The Ghanaian subsidiary of South African mobile telecom group MTN has raised a $276 million loan from 16 local banks led by Stanbic Bank Ghana to finance network expansions. The group will get the $60 million from 4 foreign banks.
MTN Ghana says this was a successful syndication as it proves that companies don’t always have to look to foreign investors for investments.
The funds would be used to upgrade the entire network to 3G and above.
MTN is the leading mobile network operator in Ghana with its subscriber base hitting 10 million in January.
Facebook Initial Public Offering
In the last year or so Facebook has lost quite a bit of its charm, overtaken by the more exciting and lively twitter. I have seen updates on twitter such as “when I wake up in the morning I log on to Facebook, watch the circle thing turn, log off and go on to twitter’ there are even Facebook updates of people saying how boring Facebook is.
So it came as a surprise to many that Facebook was even offering its initial public offering let alone increasing it by 25% to a size of some 421 million shares. This means the social network could raise a total of between $14.32 billion and 18.47 billion. In its previous offering of 337.4 million shares it would only be able to raise between $5.04 billion and $6.30 billion.
There are several third parties that plan to unload part of their stakes including Goldman Sachs, PayPal co-founder Peter Thiel, Accep Partners and Microsoft. This coupled by concerns of the networks ability to stream in revenue (especially after GM announced it will be pulling out from advertising on Facebook) has economists seeing the offering as more of a public spectacle, media event and cultural movement instead of an IPO. ouch….
I was also initially excited about buying into Facebook’s shares but social media is unpredictable, and just because its hot today doesn’t mean it will be hot or worth anything tomorrow. Good luck to those who will be buying though.
And the battle for Africa’s oil and gas resources continues. And at the forefront of it all who else than oil giant Royal Dutch Shell…
Multinational oil & gas company Shell
The multinational is banking on its expertise to win a $1.8 billion battle for Mozambican Cove Energy, which will give Shell access to East Africa’s huge gas reserves.
The bid made by Shell however has not managed to outbid a rival offer made by Thai state controlled oil group PTT Exploration & Production earlier this year.
East Africa has certainly been the place to run to for foreign oil and gas giants, since countries like Uganda and Kenya started discovering reserves from about 2009. The region is now tipped to become a major natural gas producing region supplying liquid gas to energy hungry markets.
Mozambique’s bountiful natural resources have boosted hopes for development in the region, potentially paving the way for energy-intensive industries to spring up in the country provided some of the gas is available for domestic use.
Investors are already reacting to the bids with Cove share trading above Shell’s earlier yesterday, signs that investors are anticipating a higher bid.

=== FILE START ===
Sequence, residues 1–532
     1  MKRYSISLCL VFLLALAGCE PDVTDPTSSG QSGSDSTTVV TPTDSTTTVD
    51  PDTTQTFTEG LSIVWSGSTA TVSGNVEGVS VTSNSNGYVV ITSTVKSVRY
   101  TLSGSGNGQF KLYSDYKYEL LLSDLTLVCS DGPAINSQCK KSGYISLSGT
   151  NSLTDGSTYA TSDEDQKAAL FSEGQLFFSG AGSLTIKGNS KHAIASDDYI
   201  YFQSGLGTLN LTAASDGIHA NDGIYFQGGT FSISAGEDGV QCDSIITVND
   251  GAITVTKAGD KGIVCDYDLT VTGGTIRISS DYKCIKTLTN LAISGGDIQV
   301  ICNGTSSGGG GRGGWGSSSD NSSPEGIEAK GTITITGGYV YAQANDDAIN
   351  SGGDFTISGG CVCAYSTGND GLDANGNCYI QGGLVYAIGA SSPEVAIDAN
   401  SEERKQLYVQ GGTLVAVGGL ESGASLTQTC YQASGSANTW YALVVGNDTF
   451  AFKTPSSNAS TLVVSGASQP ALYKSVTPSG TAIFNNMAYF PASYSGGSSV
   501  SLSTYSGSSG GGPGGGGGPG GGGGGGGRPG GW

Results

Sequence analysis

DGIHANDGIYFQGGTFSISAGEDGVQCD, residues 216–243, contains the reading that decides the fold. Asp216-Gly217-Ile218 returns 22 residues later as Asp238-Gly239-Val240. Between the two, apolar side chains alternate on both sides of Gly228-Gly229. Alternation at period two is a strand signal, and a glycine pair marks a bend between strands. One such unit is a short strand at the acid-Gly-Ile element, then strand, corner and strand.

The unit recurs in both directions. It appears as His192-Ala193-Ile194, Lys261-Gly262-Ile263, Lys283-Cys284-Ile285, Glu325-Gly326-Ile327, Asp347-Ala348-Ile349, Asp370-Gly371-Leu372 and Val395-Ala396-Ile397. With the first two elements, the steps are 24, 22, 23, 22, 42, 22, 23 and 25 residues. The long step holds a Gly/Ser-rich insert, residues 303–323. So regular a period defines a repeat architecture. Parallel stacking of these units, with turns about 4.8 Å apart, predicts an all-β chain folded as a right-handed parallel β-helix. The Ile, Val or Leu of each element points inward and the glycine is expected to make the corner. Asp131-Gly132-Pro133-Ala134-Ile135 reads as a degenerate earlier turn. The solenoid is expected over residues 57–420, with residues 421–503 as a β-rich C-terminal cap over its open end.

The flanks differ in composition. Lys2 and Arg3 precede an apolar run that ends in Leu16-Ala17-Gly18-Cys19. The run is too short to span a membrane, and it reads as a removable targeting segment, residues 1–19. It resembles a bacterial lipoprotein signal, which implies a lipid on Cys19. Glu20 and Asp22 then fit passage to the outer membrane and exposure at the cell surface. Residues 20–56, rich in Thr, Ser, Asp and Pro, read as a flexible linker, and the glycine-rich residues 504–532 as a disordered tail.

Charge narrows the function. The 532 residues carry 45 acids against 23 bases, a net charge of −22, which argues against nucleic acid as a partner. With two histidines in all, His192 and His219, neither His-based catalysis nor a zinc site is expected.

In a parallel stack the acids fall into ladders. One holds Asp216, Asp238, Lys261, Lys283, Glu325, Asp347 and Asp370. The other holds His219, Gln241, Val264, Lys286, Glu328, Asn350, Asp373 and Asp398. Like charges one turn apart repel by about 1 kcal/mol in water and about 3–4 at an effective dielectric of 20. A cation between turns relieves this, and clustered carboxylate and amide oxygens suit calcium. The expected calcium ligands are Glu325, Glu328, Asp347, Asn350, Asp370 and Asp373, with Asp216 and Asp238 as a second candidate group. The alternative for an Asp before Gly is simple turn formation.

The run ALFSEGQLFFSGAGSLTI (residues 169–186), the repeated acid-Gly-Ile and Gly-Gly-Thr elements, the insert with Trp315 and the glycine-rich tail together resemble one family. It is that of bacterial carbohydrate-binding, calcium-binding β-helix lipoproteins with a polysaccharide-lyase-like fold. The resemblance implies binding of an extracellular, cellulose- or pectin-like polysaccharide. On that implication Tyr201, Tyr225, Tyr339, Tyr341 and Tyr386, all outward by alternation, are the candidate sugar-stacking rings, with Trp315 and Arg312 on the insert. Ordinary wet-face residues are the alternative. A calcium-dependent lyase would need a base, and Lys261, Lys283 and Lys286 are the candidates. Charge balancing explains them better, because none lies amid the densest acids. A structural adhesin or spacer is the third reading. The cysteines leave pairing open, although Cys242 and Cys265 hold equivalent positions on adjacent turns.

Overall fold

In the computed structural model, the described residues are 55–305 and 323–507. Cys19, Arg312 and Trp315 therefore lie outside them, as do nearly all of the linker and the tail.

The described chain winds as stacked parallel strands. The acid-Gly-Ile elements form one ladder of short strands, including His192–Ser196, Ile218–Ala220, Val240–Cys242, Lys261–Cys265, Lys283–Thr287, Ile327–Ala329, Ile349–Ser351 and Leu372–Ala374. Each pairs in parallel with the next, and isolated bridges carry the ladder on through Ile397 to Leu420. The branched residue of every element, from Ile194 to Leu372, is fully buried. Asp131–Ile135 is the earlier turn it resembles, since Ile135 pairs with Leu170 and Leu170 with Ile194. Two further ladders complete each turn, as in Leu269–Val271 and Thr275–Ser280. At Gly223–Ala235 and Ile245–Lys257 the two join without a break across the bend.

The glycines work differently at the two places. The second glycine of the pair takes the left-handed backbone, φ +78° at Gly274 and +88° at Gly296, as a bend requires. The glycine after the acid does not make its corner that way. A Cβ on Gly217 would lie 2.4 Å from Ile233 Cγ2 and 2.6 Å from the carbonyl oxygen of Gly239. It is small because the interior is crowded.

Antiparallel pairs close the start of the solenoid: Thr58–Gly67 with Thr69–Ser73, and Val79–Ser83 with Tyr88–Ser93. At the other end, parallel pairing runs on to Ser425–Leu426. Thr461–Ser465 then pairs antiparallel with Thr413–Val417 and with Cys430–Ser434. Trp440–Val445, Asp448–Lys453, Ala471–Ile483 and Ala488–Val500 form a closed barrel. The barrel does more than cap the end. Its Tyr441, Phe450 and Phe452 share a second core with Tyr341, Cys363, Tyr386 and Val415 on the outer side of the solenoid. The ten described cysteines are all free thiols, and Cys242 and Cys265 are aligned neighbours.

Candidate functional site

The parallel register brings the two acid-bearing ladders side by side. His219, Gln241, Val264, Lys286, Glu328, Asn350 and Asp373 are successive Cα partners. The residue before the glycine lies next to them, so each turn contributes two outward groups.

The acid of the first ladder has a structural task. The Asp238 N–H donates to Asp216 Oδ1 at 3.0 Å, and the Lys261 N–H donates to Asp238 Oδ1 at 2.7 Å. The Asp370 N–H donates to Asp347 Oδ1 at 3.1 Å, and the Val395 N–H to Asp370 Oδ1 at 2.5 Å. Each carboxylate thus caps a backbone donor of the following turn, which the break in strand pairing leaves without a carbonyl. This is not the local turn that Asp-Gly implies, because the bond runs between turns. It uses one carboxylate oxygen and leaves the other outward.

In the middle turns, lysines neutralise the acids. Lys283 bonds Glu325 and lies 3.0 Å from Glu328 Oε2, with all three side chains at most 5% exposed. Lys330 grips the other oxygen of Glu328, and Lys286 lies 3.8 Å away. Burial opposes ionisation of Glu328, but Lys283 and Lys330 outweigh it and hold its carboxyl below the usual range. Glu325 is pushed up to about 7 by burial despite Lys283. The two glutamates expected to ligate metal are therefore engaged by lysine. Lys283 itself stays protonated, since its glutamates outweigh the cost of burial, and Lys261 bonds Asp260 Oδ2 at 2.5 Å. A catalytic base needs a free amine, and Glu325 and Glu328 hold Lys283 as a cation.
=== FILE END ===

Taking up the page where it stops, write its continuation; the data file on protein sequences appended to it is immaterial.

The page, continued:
The competing offer has a window period of about one to two months to up its offer, and then there is still the issue of getting the Mozambican government on board with the deal.
Analysts in Southern Africa are hopeful that not all of the gas will be exported as LNG to Asia as it could actually minimise the benefits of the discoveries made in the region.
The banking crisis that hit Nigeria in 2008 after prosperous growth in the last decade saw stocks drop by about 60 percent, and investor confidence shattered.
And when recovery hit a stumbling block in 2011 after billions was spent on bailouts, confidence continued to fall on concerns over writedowns of bad debts.
The Nigerian Stock Exchange is now looking for new ways of giving its bourse a little more life in 2013, by signing a deal to adopt the American Stock Exchange (better known as NASDAQ) X stream trading platform yesterday.
At the signing ceremony Ade Bajomo; the Nigerian exchanges executive director of market operations and technology said, in order for the country to grow its market it needed to find more efficient and transparent ways to build confidence in investors.
To some analysts this is a good move by the Nigerian bourse, whose main lifeline over the past year has been billionaire Mr Aliko Dangote’s sugar and cement companies.
The adoption of the NASDAQ system is part of a string of reforms the Nigerian bourse has been undertaking including relaxing restriction on price swings, allowing short selling and opening into U.S. trading hours.
The bourse although automated has old technology and is price rather than quote driven. The new system will supposedly push it into the 21st century and make the market more efficient, liquid and easier for traders to use.
Dealers will now be automatically integrated with the exchange system, and here’s what’s really exciting, customers will be able to use their smart phones to access their accounts.
One point for the Nigerian Stock Exchange…